Liquid detergent 28
Neomycin sulphate 5
Chlorhoxidlno 2% 7
Povidone-Iodine solution (10%) 10
Dakin's solution (0.25%) 15
Acetic acid solution (0.25%) 12
Hydrogen peroxide (3%) 8
Note: The comparisons were carried on with untreated, air-exposed control wounds.
Data obtained from swine studies conducted on partial thickness wounds.
Relative rate of healing was calculated as
this ratio is multiplied by 100
HT50 is healing time in which 50% of wounds are completely healed.
Newer, Innovative Therapies for Wound Healing:
Platelet Derived Growth Factor:
The new addition to the dressing material is useful but the imported gels are
prohibitively costly. The indigenous PDGF is much less so in comparison to the
imported product. The PDGF helps in epithelialization of the wounds. There is
evidence to show that the wound closure occurs earlier even in wounds of fair sizes.
It is felt that PDGF will make larger wounds more graftable with partial or full
thickness grafts earlier than other methods
Sterile maggots are commercially available in several countries. In wounds with lot
of exudation and dead tissue, maggots can be placed on the wounds and left lightly
covered for a day or two. They eat away all the dead tissue, exudates and leave the
wounds clean for further dressing and healing. They should be pulled out of the
wound area after two or three days.
Hyperbaric Oxygen Therapy:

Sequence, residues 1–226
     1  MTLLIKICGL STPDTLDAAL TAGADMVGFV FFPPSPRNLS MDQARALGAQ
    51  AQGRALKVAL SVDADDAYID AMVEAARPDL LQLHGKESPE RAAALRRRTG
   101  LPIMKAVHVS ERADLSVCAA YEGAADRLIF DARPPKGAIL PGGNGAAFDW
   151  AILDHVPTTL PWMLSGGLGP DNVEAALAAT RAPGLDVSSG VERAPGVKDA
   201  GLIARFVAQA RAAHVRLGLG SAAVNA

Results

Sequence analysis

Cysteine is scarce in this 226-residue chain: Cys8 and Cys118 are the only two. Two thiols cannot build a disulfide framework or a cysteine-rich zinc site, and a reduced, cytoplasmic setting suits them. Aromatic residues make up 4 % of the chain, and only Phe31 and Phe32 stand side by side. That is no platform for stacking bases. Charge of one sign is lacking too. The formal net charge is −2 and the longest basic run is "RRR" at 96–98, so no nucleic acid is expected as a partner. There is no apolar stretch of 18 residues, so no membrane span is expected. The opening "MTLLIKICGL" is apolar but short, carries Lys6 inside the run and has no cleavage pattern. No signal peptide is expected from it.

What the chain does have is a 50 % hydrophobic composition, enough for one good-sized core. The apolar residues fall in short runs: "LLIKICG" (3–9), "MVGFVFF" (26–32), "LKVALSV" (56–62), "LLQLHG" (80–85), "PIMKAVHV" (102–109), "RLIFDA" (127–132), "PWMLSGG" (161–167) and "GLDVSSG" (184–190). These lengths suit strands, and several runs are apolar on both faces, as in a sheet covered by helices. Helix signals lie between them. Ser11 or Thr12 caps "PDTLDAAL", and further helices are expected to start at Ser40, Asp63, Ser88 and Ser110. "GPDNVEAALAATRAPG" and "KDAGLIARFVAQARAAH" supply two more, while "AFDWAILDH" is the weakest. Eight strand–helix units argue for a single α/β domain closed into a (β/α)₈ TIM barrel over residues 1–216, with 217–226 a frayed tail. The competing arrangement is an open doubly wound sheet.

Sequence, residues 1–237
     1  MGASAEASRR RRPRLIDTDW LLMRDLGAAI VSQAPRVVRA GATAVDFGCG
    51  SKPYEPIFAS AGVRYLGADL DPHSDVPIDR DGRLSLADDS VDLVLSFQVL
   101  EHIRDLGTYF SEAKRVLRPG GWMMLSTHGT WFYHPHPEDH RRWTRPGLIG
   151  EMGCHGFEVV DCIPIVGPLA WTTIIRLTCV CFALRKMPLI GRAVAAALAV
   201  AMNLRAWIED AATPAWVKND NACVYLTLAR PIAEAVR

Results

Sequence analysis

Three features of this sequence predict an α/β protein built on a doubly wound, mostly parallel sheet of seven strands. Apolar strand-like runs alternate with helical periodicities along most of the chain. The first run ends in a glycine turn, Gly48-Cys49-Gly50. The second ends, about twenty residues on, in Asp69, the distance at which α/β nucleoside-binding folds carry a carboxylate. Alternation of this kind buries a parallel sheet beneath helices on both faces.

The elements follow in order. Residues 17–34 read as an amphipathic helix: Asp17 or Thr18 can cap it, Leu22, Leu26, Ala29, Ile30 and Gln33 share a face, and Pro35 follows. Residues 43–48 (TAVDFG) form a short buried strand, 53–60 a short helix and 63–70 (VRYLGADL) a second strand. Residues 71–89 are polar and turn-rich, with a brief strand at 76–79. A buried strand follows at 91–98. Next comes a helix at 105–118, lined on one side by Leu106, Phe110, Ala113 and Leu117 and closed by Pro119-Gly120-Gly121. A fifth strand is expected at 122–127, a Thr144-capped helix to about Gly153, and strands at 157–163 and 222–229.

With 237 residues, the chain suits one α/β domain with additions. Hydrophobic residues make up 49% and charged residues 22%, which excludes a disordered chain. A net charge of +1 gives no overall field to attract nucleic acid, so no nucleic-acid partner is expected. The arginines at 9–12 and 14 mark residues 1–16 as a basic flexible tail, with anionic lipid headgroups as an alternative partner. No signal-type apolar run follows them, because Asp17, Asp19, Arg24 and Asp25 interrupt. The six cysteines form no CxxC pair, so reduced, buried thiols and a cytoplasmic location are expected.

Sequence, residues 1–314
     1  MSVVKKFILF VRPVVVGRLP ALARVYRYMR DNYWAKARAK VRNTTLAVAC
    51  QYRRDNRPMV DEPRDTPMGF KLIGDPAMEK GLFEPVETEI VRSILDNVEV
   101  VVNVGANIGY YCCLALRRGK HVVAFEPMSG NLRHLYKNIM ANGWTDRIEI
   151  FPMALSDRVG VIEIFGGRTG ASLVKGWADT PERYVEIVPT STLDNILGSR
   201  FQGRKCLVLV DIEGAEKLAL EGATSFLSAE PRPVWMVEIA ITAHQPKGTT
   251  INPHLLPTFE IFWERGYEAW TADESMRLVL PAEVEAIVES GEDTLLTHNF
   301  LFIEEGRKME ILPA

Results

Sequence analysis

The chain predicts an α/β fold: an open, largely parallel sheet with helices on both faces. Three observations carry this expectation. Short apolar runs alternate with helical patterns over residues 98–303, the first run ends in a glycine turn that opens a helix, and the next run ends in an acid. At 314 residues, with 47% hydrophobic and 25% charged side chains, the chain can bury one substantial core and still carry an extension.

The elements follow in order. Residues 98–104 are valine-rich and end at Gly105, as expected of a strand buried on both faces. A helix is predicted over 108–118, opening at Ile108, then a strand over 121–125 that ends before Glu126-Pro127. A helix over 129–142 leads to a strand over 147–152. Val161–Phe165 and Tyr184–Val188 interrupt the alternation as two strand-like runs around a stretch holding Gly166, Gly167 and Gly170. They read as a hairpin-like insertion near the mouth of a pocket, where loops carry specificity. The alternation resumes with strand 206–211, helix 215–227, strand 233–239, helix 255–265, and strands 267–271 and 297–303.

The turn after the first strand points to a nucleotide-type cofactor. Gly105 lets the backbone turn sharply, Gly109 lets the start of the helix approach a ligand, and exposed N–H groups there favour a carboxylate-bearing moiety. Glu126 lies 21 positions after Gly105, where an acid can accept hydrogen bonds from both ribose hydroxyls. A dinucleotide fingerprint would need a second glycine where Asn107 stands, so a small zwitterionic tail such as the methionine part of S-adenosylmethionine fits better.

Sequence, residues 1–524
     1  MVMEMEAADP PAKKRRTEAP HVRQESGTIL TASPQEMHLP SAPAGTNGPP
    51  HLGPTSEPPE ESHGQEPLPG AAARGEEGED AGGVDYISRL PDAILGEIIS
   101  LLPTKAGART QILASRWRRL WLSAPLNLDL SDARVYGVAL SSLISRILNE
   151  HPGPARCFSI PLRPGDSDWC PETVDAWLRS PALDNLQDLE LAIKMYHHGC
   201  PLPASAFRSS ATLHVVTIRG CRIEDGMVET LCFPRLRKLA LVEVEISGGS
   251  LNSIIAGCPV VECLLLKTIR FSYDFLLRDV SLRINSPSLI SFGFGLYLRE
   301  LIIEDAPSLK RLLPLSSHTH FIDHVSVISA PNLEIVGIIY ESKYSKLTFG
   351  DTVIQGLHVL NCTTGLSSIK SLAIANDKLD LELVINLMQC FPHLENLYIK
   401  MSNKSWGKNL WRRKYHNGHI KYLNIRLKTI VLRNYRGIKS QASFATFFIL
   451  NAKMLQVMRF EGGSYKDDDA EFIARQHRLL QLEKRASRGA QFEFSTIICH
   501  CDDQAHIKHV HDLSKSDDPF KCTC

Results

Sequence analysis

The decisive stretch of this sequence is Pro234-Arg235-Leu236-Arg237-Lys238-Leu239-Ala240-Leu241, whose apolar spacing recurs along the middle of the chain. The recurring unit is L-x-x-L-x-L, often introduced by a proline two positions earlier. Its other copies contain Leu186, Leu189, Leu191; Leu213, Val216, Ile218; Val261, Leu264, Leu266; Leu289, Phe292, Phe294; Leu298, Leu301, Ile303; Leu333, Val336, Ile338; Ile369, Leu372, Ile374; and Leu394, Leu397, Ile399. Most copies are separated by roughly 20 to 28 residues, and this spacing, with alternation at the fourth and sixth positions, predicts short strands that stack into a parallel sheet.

Hyperbaric Oxygen Therapy (HBO) involves intermittent inhalation of 100% Oxygen
under a pressure exceeding that of the atmosphere. O2 is delivered to the tissues in
dissolved form. During HBO Therapy, quantum of dissolved Oxygen in plasma
increases. At rest, the tissues extract 6ml of O2 per 100ml blood. On air at 1
atmospheric pressure there is 0.3ml of O2 per 100ml blood. At 2ATA on 100% O2
there is 4.3ml per 100ml blood dissolved in the plasma. At 3ATA on 100% O2 there is
6.5ml per 100ml blood dissolved in the plasma. Thus HBO “arterialises” the venous
The therapy is delivered in Monoplace Chambers which admit one patient at a time
with the entire chamber pressurized with Oxygen. It is less expensive but can't take
serious patients. Standard precautions should be observed about preparing the
patients for it. The therapy session lasts for about 60 to 90 minutes. Addition of
Hyperbaric Oxygen results in significant cost savings due to lesser stay in hospital
and shorter course of illness.
How does it work?
When tissue Oxygen tension drops to less than 30 mm Hg, healing by cellular